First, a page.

TL:DR question is at the bottom.
I'm pretty new to being a DM (2nd run) and started with a party of 6 (I know, it's a tough way to start) players who are all incredibly inexperienced. We had a session zero where I outlined a bunch about the world and how I would be handling things. I asked everyone for their expectations and took them all into consideration.
Now I have two gamers who like to dig through the rules and find loopholes. I knew they were going to be tough to deal with, but I didn't realize they would be this bad. It's quite stressful.
Here's an example of a ruling I made outside of the game session — it's not the worst that's happened, just the most stressful. (The TL;DR for this paragraph is we spent a lot of time and made a ruling that he agreed made sense.) This ruling involves the darkness spell. The wizard wanted to have it up, cover it then take his turn and uncover it at the end to basically sit in a darkness spell whenever it wasn't his turn and then be completely unaffected by it whenever it was his turn. I decided that I didn't want the spell to be working that way as it felt wrong (because all of the turns in turn based combat are actually simultaneous, not consecutive). I ruled that I would only be ok with him covering or uncovering it on any given turn. This is how darkness would work. I should mention, we talked for almost an hour and we were sending links from research back and forth. Ruling made and done, right?
Fast forward 2 weeks:
Player: "Can my character have lip piercings?".
Me: What? I mean, yes... Of course. Weird question...
Player: Ok, so I could cast darkness on the lip piercings and just put them in my mouth and not have to...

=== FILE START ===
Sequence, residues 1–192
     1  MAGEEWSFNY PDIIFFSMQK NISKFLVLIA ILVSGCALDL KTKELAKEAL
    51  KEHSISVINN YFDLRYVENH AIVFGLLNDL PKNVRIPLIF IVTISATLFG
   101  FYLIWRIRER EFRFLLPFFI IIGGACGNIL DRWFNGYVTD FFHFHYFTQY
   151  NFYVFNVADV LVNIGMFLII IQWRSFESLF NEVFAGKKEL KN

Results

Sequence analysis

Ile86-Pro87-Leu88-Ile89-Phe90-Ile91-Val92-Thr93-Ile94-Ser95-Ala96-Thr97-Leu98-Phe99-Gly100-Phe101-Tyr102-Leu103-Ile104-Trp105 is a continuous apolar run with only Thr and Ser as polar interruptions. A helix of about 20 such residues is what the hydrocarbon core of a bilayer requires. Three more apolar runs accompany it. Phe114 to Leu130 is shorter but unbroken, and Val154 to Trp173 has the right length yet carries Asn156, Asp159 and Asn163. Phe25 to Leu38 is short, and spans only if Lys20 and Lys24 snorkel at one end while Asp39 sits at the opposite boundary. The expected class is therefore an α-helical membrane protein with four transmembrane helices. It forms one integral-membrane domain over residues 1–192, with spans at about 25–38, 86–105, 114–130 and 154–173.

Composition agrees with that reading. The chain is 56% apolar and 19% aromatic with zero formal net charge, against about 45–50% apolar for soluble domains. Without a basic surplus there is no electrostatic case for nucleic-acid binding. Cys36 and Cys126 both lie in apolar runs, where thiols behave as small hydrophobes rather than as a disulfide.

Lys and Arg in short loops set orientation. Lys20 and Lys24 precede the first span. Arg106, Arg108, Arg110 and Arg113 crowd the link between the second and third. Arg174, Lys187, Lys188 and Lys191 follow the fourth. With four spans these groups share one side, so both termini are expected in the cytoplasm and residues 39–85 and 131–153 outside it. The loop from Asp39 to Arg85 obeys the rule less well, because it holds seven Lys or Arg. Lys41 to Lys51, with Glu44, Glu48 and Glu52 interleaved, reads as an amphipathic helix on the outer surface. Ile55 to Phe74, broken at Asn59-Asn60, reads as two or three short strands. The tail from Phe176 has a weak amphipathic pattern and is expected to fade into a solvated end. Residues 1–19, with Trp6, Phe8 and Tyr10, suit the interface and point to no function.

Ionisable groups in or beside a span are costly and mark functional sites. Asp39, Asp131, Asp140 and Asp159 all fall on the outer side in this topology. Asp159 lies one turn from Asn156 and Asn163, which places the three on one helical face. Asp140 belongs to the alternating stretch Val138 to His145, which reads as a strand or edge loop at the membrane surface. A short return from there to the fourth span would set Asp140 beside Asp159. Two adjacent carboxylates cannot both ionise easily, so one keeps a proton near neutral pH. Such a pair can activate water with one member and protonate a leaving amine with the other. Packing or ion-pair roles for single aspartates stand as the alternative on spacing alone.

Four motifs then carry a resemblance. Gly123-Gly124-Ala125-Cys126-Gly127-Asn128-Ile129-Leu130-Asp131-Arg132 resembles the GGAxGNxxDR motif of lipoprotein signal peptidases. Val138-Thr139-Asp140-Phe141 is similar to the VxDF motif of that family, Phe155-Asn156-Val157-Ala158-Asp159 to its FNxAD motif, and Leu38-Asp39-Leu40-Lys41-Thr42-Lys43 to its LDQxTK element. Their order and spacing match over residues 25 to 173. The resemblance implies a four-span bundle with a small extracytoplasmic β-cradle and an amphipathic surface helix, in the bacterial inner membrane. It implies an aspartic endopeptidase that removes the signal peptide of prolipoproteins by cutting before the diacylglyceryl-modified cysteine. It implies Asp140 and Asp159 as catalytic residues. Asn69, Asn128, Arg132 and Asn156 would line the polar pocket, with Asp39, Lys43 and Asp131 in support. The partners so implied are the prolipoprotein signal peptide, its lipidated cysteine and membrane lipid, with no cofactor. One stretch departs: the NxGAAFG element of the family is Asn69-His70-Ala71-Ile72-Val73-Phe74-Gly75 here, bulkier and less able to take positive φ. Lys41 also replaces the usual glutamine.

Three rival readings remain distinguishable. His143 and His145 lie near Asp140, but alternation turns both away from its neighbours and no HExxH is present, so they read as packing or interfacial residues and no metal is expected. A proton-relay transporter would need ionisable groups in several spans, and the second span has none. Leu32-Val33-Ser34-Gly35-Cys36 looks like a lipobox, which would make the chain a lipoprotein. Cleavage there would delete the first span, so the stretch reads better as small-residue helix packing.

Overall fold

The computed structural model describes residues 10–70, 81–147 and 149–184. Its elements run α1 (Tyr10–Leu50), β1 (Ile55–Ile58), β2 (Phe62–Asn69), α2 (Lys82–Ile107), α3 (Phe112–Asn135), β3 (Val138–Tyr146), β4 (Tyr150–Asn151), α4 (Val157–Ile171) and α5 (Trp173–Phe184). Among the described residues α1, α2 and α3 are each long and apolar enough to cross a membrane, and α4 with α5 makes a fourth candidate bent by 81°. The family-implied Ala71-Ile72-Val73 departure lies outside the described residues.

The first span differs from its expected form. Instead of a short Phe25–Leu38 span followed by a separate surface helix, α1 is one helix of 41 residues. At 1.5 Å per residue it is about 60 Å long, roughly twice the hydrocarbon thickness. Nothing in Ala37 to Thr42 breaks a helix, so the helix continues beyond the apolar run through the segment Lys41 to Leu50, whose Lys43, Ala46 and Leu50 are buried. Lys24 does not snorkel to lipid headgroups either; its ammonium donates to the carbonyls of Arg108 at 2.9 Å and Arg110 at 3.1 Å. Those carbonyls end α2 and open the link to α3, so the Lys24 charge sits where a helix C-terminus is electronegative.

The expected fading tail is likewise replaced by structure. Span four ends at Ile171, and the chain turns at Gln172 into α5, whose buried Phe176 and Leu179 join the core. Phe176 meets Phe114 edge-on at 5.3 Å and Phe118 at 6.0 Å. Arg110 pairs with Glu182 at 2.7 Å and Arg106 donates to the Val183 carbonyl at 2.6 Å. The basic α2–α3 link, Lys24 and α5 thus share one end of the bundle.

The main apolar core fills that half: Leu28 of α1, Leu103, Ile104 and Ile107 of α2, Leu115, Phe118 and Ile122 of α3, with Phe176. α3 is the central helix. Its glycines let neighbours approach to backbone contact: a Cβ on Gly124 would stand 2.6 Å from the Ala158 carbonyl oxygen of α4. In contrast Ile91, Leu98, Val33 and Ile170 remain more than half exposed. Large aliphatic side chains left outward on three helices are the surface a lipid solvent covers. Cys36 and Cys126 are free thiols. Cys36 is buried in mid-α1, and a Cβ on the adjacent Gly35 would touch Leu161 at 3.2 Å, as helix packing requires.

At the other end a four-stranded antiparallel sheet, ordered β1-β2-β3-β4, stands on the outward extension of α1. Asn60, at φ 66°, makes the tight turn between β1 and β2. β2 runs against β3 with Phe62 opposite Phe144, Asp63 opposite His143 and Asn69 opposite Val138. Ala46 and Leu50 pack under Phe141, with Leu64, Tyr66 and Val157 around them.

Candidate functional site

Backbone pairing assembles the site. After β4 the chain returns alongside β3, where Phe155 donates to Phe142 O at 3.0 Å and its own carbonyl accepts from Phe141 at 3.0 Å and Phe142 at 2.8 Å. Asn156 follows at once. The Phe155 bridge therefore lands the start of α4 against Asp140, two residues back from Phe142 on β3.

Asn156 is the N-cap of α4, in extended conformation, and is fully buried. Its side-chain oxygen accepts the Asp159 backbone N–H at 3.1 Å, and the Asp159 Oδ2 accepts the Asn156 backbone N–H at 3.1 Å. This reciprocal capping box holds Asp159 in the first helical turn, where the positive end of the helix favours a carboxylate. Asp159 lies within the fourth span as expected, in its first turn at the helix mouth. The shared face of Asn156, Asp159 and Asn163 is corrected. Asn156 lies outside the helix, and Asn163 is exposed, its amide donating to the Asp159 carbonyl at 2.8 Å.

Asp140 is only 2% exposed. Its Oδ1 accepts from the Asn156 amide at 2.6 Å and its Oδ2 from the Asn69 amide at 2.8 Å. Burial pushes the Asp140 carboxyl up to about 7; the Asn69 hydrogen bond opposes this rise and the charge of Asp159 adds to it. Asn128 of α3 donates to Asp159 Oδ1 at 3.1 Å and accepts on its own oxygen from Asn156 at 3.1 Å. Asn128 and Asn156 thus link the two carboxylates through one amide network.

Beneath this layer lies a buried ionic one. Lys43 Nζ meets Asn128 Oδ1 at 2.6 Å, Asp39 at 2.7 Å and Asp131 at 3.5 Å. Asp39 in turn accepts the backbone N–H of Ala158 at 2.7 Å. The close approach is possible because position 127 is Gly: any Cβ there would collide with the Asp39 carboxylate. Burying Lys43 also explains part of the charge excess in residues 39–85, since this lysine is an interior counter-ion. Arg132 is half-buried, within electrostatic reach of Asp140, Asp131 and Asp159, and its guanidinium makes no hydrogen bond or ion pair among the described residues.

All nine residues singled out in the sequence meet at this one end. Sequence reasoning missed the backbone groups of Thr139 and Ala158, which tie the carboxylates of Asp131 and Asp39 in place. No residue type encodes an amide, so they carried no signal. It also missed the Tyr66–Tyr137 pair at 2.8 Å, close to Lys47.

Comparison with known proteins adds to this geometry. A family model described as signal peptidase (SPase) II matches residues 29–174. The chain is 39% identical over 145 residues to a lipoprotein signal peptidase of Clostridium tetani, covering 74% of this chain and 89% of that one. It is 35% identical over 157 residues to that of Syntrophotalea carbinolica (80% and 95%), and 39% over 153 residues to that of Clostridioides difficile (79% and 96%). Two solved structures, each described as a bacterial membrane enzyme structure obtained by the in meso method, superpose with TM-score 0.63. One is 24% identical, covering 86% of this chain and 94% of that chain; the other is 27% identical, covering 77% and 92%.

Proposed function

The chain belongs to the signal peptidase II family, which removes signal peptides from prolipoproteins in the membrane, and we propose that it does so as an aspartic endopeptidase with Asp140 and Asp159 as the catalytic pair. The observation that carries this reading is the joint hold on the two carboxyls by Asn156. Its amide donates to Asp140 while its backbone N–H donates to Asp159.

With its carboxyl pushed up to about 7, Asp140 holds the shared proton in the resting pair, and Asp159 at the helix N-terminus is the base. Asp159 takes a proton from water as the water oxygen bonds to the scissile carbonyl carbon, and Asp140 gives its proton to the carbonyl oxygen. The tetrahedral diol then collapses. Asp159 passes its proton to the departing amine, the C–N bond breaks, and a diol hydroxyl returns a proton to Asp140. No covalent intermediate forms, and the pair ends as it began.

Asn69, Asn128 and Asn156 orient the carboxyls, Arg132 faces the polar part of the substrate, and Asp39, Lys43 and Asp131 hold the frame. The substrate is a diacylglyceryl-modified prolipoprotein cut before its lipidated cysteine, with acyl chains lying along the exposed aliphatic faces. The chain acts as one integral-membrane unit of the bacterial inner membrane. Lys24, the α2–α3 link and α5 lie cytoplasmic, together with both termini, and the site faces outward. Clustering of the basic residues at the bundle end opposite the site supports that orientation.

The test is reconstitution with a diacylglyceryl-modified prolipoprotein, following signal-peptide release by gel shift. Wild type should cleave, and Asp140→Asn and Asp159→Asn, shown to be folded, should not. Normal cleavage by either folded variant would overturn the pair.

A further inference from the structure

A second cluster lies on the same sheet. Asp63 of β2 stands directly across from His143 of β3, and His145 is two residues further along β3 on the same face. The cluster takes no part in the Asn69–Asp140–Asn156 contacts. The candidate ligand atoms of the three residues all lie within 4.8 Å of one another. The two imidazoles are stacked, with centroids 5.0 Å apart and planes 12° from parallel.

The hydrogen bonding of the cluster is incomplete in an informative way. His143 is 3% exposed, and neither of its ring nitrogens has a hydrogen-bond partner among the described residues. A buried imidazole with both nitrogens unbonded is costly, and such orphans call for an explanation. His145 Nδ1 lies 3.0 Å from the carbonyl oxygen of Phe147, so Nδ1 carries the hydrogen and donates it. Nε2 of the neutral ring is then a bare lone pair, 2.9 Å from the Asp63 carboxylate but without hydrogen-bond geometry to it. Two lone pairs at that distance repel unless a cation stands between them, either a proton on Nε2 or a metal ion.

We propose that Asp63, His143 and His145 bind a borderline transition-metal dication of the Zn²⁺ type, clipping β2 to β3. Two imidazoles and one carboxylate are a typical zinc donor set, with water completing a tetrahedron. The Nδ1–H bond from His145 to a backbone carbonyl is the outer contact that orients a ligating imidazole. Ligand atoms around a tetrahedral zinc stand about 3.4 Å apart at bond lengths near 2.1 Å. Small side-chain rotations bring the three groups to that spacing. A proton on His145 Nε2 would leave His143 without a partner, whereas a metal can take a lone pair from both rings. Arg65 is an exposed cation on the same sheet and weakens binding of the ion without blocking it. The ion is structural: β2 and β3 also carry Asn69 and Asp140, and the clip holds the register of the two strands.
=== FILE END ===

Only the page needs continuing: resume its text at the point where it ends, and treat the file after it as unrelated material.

Me: No, we already made a ruling on this. This spell will work this way for the campaign.
Player: But what if we change the spell?
Me: We already made a ruling. I am standing by it. I'm not changing how the spell works for this.
He keeps giving more and more random arguments, completely ignoring that I said I wasn't going to change my ruling, then gets the other rule lawyer player to try to help him. Once he contacted me, he opening claim was that he and the other player looked at some stuff and figured out what the ruling should be. Keep in mind, I have reruled the same way after extensive research six times now, and have told them the issue is done. I tell him I am not listening into any more arguments as I have literally spent the entire morning before work doing nothing but that.
One of the two players chose to leave because I wanted to sit the two of them down to talk about how I am not going to have all rulings up for argument indefinitely.
Now, I understand I could have just let them have their way and then used in game mechanics to rain on their shiny new darkness tank, but that would be setting multiple precedents that I wasn't ok with.
- The spell is changed to work that way, which I felt defied how the world of turn based combat works
But much more importantly
- The DMs ruling lasts only as long as it takes you to argue with him enough that he will cave in and give you what you want
Question: regardless of the ruling, how do you deal with players that refuse to respect the ruling you are making and will continuously bring up old rulings with new arguments (not the rulebook says I can. More the rulebook doesn't say I can't) forcing you to have to keep defending things that should have been left alone forever ago?
Update: convinced them to have the chat, finally. Used a lot of the stuff here to make an outline to help move the conversation along and stay on point. For the discussion I had these notes. They listened and agreed to follow the guidelines and we are meeting again tomorrow. I used a lot of points from here to help.